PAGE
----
Airlines will return to profit and fly a near-record 4.35 billion people this year, according to the International Air Transport Association (IATA), but the sector’s post-pandemic recovery remains weak.
The International Air Transport Association (IATA), reports business is expected to earn US$9.8 billion in net profits in 2023, more than doubling prior forecasts, thanks to the lifting of China’s Covid restrictions. According to the group, its 2022 losses are half as terrible as earlier predicted at US$3.6 billion.
“Airline financial performance in 2023 is exceeding expectations,” IATA director general Willie Walsh said during the organization’s annual general meeting in Istanbul.
“Several positive developments contribute to higher profitability.” “China lifted Covid-19 restrictions earlier than expected this year,” Walsh said. While jet fuel prices remain high, he says they have reduced in the first half of the year.
Inflation rose globally during Russia’s invasion of Ukraine in February 2022, sending energy costs skyrocketing, but oil and natural gas prices have since decreased.
“On the cost side, there is some relief,” Walsh explained.
“Economic uncertainties have not dampened the desire to travel, even as ticket prices have absorbed elevated fuel costs,” he noted.
Airline Earnings of $2.25 Per Passenger
Before Covid brought travel to a halt, airlines transported a record 4.54 billion people in 2019.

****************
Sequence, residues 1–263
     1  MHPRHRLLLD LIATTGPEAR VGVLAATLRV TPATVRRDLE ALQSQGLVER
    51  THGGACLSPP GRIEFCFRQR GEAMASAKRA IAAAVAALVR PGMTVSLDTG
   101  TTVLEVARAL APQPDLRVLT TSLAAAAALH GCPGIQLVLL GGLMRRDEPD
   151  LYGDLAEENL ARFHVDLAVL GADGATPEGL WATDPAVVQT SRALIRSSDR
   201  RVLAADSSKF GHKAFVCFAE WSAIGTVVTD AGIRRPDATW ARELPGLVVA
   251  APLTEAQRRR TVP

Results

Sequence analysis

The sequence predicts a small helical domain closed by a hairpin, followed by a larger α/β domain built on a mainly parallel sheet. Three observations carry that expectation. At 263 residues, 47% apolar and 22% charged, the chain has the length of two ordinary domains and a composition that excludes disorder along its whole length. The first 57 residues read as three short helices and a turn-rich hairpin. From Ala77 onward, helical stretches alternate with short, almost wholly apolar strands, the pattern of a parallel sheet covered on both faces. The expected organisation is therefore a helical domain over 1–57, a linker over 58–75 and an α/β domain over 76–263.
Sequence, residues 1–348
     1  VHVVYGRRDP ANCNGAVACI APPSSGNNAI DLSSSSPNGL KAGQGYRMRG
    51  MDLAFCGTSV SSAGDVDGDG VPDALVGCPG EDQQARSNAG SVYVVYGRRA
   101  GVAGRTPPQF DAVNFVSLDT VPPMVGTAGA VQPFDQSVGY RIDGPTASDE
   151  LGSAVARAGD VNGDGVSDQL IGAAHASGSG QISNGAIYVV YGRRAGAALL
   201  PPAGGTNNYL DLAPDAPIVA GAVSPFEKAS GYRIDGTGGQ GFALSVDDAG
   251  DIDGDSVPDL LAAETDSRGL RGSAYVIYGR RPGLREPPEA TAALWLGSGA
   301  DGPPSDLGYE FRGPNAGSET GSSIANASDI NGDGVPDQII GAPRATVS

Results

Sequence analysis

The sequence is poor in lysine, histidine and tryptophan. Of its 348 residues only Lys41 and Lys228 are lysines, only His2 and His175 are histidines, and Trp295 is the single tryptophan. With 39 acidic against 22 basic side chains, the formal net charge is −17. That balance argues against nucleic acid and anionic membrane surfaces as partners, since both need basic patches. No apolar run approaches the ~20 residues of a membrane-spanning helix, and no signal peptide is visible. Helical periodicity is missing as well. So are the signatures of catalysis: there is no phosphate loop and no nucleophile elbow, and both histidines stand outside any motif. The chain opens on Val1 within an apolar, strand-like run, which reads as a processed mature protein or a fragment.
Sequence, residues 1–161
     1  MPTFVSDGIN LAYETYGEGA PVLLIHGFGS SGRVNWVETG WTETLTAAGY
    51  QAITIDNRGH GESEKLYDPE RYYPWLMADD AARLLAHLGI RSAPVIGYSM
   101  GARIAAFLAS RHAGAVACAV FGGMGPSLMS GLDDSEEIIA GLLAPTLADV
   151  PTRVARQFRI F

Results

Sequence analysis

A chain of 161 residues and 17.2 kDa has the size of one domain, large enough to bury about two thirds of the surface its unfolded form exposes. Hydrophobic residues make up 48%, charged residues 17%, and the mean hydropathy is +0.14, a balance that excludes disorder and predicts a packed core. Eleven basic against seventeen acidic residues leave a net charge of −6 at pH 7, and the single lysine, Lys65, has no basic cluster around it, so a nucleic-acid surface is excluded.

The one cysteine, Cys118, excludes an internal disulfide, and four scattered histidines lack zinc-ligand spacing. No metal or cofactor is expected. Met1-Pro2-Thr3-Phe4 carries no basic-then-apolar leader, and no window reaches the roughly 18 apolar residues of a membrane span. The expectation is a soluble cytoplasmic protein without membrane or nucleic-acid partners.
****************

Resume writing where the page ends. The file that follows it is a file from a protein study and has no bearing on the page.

When countries implemented lockdowns and blocked borders in 2020, the industry lost $137 billion.
The industry lost another $42 billion in 2021 and was still in the negative last year when China, a major market, imposed Covid restrictions that were ultimately eased in December. According to the IATA, total sales will increase to $803 billion this year, up nearly 10% from 2022.
While the industry as a whole will make a profit, Walsh estimates that it will be only $2.25 per passenger, for a net profit margin of 1.2%.
Fuel Prices Remain High
According to the IATA, which represents over 300 airlines accounting for 83% of worldwide air passenger traffic, net profit for North American carriers would increase to $11.5 billion, $5.1 billion for European carriers, and $2 billion for Middle Eastern carriers.
However, Asian, Latin American, and African airlines will continue to lose money.
According to the IATA, airlines would spend $215 billion on gasoline this year, or $98.5 per barrel. This is a decrease from the average price of $135.6 in 2022. This year, fuel will account for 28% of airline costs, up from 24% in 2019.
“After deep Covid-19 losses, even a 1.2% net profit margin is something to celebrate,” Walsh remarked.
“However, with airlines earning an average of $2.25 per passenger, repairing damaged balance sheets and providing investors with sustainable returns on their capital will remain a challenge for many airlines,” he added.
According to the IATA, industry profitability is “fragile” and might be impacted by a variety of circumstances, including a central bank interest rate hike to combat inflation. “The risk of a recession persists.” If the recession causes job losses, the industry’s outlook may change,” it stated.
While the Ukraine conflict is not having a “major impact” on most airlines’ profitability, an escalation will undoubtedly harm global aviation, according to the report.
“Global geopolitical tensions are already weighing on international trade, and any escalation of such tensions represents a downside risk to the industry outlook,” according to the IATA.
Supply chain difficulties that have plagued global trade since the outbreak continue to be felt.
“Airlines have been directly impacted by aircraft parts supply chain ruptures that aircraft and engine manufacturers have failed to resolve,” according to the IATA.
“This has a negative impact on new aircraft deliveries as well as airlines’ ability to maintain and deploy existing fleets.”